Web edition: December 4, 2009
Print edition: December 19, 2009; Vol.176 #13 (p. 32)
On August 17, Francis S. Collins was sworn in as the 16th director of the National Institutes of Health. In addition to identifying genes that contribute to diseases such as cystic fibrosis, Huntington’s and type 2 diabetes in his own research laboratories, Collins led the Human Genome Project. At the Society for Neuroscience annual meeting in October in Chicago, Collins discussed NIH funding and answered questions from reporters, including Science News writers Tina Hesman Saey and Laura Sanders.
In introducing the NIH budget, Collins said: “We had this remarkable deluge of funding from the Recovery Act. And the response to that in terms of applications coming to NIH … was just overwhelming. When the dust all settled, of course, we weren’t able to fund more than a small percentage of these great ideas.... The exciting part was this outpouring of creativity from the scientific community.”
Could the $10.4 billion NIH received from the Recovery Act hurt prospects for funding?
If you go back a few years to the doubling that happened to NIH between 1998 and 2003, we then hit a flat budget period for the next five years…. Many of those arguments we heard were, ‘Well, you got yours.’… I do think there’s a risk that that might also happen in this circumstance after such a remarkable infusion of those $10 billion.
But science is not a 100-yard dash. It’s a marathon. And certainly science projects don’t operate on two-year cycles. To rev up the engine of biomedical research only to take away the fuel seems like an unfortunate circumstance, to say the least. And what we’re hoping for are good scientific outcomes.
One of the things we’re working on very hard at NIH is to try to document what the Recovery Act has made possible, to point to specific projects … those are down payments on what needs to be a more sustained enterprise.... To fall off a cliff at this point, just as we’re picking up speed, is not going to be the way to make the most of what those Recovery Act dollars made possible.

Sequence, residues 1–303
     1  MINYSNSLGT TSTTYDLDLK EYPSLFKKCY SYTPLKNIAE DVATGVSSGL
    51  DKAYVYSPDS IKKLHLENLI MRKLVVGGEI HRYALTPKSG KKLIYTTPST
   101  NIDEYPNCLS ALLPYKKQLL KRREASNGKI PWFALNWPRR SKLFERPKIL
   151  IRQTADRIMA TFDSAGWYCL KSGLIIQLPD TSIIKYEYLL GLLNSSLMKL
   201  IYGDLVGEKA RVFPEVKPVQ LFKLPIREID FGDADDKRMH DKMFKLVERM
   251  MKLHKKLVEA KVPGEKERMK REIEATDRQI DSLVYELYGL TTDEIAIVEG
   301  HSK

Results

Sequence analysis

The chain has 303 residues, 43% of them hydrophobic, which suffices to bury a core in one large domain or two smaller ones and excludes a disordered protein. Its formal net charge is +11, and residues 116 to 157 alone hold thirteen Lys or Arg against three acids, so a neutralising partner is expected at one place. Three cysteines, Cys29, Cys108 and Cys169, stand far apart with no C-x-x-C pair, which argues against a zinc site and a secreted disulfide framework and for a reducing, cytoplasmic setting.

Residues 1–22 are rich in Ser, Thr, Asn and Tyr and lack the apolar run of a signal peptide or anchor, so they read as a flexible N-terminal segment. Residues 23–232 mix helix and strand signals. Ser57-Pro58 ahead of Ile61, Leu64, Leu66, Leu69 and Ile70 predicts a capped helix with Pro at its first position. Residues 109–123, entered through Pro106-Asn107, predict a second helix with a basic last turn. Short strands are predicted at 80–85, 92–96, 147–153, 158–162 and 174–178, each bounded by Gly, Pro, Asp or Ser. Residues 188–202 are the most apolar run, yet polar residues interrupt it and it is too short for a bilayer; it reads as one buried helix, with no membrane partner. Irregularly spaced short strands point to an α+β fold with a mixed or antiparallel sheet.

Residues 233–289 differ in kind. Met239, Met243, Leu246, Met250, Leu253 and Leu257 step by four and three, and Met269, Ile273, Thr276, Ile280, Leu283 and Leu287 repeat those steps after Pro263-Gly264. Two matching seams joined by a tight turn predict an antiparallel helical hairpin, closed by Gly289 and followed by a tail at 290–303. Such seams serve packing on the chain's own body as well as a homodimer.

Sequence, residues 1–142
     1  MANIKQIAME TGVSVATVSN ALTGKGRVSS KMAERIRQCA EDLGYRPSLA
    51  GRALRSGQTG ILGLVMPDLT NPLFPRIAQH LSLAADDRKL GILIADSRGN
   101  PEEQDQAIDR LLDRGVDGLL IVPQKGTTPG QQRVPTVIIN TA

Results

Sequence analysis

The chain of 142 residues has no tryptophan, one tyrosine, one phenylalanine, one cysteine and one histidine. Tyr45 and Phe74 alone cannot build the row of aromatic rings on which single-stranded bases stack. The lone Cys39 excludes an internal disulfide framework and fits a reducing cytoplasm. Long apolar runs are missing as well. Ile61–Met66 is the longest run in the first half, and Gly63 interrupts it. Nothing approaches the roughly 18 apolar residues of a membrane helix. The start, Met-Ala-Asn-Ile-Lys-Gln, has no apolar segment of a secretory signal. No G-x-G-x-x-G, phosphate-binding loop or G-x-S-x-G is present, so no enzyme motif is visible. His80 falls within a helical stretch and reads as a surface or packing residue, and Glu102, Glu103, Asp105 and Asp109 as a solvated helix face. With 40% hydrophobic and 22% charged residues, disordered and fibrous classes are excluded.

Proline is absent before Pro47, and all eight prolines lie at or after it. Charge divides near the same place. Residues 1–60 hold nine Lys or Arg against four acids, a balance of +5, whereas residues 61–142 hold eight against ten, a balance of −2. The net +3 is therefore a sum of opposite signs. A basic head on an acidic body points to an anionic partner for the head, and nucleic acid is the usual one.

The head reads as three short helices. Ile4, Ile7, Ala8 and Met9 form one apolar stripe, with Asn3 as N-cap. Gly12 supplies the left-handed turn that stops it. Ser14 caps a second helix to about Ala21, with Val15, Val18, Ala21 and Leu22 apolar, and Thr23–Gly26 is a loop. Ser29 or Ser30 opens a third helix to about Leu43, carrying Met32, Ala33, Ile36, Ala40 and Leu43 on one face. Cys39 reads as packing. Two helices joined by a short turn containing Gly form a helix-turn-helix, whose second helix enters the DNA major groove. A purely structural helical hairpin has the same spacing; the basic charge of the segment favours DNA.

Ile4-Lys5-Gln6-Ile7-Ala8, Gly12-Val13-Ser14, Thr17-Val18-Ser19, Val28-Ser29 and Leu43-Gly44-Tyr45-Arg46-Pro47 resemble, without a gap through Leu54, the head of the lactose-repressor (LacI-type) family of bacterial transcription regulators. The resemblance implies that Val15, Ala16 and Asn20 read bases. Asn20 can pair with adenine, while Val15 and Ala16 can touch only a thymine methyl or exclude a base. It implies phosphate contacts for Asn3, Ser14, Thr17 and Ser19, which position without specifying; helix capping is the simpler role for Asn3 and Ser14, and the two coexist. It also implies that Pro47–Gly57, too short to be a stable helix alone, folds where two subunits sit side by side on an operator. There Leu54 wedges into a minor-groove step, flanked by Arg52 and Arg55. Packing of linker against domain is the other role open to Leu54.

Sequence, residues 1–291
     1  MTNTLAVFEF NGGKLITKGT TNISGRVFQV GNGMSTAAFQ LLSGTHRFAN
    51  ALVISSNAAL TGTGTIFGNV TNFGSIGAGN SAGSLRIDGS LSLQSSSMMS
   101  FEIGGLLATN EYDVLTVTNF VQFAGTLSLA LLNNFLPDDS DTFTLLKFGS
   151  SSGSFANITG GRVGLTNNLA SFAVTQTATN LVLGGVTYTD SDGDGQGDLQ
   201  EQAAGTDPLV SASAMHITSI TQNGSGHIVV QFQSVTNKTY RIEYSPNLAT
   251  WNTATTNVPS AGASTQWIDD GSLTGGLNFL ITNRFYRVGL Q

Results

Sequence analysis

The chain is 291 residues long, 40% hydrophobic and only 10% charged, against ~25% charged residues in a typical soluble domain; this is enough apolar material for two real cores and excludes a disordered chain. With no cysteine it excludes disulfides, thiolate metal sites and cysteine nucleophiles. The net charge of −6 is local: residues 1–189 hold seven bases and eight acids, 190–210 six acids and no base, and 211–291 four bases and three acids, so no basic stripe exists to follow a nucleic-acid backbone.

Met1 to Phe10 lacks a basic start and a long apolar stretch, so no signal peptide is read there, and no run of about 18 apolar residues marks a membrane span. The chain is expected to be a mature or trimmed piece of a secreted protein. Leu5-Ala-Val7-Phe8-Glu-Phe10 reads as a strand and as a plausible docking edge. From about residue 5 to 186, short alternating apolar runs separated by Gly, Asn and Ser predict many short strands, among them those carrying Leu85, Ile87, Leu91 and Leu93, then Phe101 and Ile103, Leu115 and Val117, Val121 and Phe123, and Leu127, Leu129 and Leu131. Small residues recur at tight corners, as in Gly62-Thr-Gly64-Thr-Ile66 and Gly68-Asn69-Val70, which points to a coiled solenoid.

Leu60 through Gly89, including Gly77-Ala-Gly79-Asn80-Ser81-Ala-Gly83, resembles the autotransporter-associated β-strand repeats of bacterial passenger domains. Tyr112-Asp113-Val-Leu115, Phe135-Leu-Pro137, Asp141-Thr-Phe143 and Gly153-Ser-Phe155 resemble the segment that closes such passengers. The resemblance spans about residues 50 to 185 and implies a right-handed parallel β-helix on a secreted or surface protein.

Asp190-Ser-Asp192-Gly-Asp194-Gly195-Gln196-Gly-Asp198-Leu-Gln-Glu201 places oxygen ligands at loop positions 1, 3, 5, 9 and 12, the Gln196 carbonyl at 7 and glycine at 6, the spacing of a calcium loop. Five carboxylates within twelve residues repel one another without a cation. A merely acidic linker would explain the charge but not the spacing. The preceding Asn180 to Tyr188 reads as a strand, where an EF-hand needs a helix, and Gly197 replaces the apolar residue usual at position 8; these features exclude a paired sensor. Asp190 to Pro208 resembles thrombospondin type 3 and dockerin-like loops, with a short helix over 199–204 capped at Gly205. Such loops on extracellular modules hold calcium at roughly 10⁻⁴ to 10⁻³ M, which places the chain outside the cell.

What are the current projections for the NIH fiscal year 2011 budget?
There are none…. One of the things I think we all agree with is that science doesn’t resonate very well with feast-or-famine kind of circumstances. These ups and downs in funding can actually be quite painful and disruptive for projects and for investigators. And yet we may be in one of those circumstances where we had a considerable bolus of opportunity with the Recovery Act. And given that the economy is still struggling, there’s not a great deal of optimism that that trajectory can be sustained.
What is NIH doing to support and encourage investigators at the early stages of their careers, especially when more lucrative or stable careers are available elsewhere?
That’s a topic of great concern at NIH. I think all of us have seen this as one of the highest priorities in terms of our support of science. You can’t look at the current circumstances and not worry about the trends in terms of what’s been happening as far as young people’s interest in science and their ability to join in, get on the on-ramp, and have a successful career in biomedical research. That was particularly heightened during the five years of flat budgets, when overall success rates of all grantees began to fall. And that made it particularly difficult for early-stage investigators to feel optimistic after a couple of failed grant applications where they just missed the cutoff….
One [grant] that is funded through the common fund, called the New Innovator Award, is aimed at trying to pull in investigators who have not previously received an R01 [Research Project Grant Program] grant from NIH, and specifically to attract those who have created out-of-the-box ideas, to tell them that the door is open — we’re really interested in hearing what you have to offer.
Another thing NIH has done across the board, and all the institutes have agreed to do this as of last fall, is to set up a system so that the success rates for early stage investigators are kept at the same level as for experienced investigators. If you don’t have something of that sort, then those who have not previously been in the system may not have as much preliminary data, may not have as much experience in terms of grantsmanship and may not be recognizable names to their colleagues, so may not fare as well.I must say we’ve also begun to take some flak for this. There was a piece in the New York Times [“Debate flaring over grants for research,” September 21] from the established investigator perspective that said we’ve gone too far.... Some of the very productive, mid-career folks are feeling like they’re not getting a fair shake.… Obviously these problems are worse when budgets are tight.